MUMBAI -- The battle to take control of India's second largest hospital chain has grown more intense in the run up to today's company board meeting, with a Chinese group entering the race and a Malaysian rival improving its offer.
The board of Fortis Healthcare will meet later today to consider bids from various suitors.
The company operates health care delivery services in India, Dubai, Mauritius and Sri Lanka and has a total of 45 facilities, including projects under development, around 10,000 potential beds and 314 diagnostic centers.
On Thursday morning, Fortis informed Indian bourses that IHH and joint bidders Hero Enterprises and Dabur India had submitted revised offers for the company.
IHH has proposed to inject up to 40 billion rupees ($608.2 million) through preferential allotment of shares in an improvement on an earlier offer of 160 rupees per share.
Major Indian industrial groups Hero and Dabur offered to pay 15 billion rupees directly to the company. Earlier, smaller rival Manipal Healthcare also revised its offer by 20% to 60 billion rupees after minority shareholders had raised concerns over a low valuation.
The Indian health care market is predicted to grow threefold in value terms to $372 billion by 2022, clocking a compounded annual growth rate of 22%, according to a joint report by industry bodies Assocham and RNCOS.
The three bids were received in a matter of days after the company was put up for sale.
Fortis Healthcare is under investigation by the Indian authorities over allegations of regulatory lapses on transferring funds to companies linked to owners Shivinder Mohan Singh and Malvinder Mohan Singh without board approval.
Japanese pharmaceutical company Daiichi Sankyo, with which the Singh Brothers-linked Ranbaxy Laboratories split acrimoniously in 2015, has approached the Securities and Exchange Board of India requesting the sale of Fortis be blocked, claiming it would violate court orders by including the assets of the hospitals.
Malivinder Singh and Shivinder Singh resigned from the board of Fortis Healthcare in February after the Delhi High Court upheld the 35 billion rupees international arbitration case award in favour of Daiichi Sankyo.
Whichever bidder wins out will be able to take advantage of one of the fastest growing sectors in India, an industry with high entry barriers due to considerable investment requirements, according to industry sources.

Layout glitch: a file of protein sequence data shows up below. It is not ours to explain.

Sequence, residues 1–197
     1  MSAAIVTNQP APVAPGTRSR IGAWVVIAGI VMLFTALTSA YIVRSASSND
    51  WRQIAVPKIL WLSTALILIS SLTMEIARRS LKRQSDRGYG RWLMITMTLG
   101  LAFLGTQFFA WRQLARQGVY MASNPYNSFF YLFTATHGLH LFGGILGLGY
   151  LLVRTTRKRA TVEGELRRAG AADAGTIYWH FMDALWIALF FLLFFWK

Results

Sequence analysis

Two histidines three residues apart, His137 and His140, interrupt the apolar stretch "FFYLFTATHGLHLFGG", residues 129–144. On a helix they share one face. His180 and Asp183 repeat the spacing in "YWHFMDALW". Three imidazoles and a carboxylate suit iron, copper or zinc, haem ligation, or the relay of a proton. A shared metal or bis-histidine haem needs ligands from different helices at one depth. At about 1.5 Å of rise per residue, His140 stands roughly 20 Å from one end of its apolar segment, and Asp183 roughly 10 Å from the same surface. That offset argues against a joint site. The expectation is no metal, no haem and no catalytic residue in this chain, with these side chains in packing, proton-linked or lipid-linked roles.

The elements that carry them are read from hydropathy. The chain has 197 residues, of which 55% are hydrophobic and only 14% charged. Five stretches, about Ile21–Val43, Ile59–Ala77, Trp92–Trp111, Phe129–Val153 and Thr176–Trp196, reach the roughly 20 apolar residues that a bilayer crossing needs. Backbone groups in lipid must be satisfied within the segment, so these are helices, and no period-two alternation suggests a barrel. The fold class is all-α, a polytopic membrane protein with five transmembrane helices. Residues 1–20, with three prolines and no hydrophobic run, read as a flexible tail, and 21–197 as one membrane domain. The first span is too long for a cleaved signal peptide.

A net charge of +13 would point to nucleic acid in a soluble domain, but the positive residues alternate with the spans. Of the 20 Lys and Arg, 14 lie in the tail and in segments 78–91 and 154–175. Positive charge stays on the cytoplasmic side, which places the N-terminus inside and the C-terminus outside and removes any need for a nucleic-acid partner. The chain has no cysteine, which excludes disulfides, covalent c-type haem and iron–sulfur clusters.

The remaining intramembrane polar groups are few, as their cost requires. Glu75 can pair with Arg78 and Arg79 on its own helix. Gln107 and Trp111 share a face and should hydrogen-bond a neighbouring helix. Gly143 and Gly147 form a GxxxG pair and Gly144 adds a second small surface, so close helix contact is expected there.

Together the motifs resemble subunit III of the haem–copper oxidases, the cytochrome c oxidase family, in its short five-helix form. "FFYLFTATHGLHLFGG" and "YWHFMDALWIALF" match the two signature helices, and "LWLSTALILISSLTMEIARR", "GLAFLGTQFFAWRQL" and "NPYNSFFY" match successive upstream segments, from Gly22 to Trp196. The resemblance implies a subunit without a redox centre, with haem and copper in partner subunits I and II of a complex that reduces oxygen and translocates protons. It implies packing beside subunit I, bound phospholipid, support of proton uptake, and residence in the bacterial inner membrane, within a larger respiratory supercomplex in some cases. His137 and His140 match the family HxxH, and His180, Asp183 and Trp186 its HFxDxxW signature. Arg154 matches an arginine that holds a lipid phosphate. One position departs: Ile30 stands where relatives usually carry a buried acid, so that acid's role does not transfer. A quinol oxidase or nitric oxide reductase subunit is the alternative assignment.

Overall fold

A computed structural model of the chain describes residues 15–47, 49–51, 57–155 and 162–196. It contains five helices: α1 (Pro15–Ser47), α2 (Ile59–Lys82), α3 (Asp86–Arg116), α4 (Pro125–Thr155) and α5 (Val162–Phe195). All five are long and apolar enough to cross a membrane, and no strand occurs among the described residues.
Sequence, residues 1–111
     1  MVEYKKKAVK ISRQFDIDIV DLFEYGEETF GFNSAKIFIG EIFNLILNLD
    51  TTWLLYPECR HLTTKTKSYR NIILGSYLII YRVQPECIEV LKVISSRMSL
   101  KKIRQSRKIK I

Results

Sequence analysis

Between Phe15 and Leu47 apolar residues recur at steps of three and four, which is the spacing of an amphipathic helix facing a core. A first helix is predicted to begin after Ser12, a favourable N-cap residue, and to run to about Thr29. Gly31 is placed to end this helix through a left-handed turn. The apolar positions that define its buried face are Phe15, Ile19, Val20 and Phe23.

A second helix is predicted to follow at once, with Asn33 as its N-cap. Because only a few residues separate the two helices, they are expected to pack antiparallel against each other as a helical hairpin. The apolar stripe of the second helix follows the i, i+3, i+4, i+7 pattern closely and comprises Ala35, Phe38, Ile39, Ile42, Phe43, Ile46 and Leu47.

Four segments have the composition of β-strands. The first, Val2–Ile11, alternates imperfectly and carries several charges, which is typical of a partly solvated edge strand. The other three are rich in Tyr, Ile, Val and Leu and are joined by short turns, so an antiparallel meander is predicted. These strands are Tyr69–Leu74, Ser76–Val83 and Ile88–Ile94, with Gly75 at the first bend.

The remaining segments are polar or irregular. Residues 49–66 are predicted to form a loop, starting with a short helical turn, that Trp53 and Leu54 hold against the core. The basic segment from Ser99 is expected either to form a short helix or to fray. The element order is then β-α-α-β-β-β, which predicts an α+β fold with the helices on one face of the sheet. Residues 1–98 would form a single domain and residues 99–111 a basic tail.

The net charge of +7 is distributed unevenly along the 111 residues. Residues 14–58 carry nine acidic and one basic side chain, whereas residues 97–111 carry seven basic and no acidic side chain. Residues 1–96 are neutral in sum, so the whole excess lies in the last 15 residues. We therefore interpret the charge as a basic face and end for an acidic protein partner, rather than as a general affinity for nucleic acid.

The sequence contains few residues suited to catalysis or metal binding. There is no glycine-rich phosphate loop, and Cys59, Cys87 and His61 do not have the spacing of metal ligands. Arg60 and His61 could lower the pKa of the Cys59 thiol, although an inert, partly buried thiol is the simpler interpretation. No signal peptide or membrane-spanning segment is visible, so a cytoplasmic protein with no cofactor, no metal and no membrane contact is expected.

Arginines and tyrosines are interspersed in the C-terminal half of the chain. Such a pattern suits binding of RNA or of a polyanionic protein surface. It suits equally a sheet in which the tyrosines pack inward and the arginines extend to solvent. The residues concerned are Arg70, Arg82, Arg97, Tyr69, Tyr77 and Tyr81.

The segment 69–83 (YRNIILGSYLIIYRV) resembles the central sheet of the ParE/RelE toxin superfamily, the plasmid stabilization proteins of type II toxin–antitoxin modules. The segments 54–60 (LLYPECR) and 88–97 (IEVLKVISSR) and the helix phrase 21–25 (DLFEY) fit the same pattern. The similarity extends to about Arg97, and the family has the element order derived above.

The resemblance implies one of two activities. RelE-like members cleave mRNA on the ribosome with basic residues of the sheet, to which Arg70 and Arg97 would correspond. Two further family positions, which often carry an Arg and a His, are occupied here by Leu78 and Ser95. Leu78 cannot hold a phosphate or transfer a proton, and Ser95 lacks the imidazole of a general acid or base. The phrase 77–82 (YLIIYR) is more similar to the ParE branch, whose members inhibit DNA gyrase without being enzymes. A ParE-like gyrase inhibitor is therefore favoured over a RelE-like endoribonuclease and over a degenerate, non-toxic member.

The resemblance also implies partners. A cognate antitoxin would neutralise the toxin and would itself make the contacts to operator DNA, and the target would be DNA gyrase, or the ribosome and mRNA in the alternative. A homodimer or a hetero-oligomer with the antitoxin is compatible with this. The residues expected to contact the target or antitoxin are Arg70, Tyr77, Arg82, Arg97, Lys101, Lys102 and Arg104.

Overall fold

"The controversy against the owners notwithstanding, Fortis is the best asset currently with its large network and infrastructure," said a source with extensive knowledge of the industry.
According to global consulting company Deloitte, the Indian health care sector has been growing at a double-digit rate due to an increase in disposable income and greater health insurance coverage. Other contributing factors include a rise in the number of cases of lifestyle diseases, increased life expectancy and a boom in medical tourism.
However, providing access to high-quality, affordable health care is a challenge in many parts of the country. Deloitte estimates that, with less than 1 physician per 1,000 people, India is well behind its peers and needs an additional 3.6 million hospital beds to reach the capacity it requires.
"Only about 27% of India's population is covered by any form of health insurance and the out-of-pocket expenditure on health is 62.4% in India as compared to the world average of 18.2%," it said in a note.
According to PwC India, access to capital has been one of the biggest hurdles to growth. Currently, the Indian government spends about 1% of gross domestic product on health care, but the country's National Health Policy aims at increasing this to 2.5% by 2025.
"The National Health protection scheme will greatly enhance assesibility to care for over 400 million Indians," said Rana Mehta, Partner and Leader Healthcare, PwC India. "While the demand for healthcare has risen exponentially supply side constraints continue to slow the growth especially in the rural areas".
Private sector participation has been a major boost to delivery, at least in urban centers. In the past decade, there has been considerable interest from private players and an increase in foreign direct investment.
In 2015, IHH Healthcare bought a 73.4% stake in Ravindranath GE Medical Associates, which ran the Global Hospitals brand, for 12.84 billion rupees. Fosun International acquired a 74% stake in Gland Pharma for $1.1 billion last year.
Bangalore-based Sakra is 100% owned by Japan's Toyota Tsusho and Secom Hospital.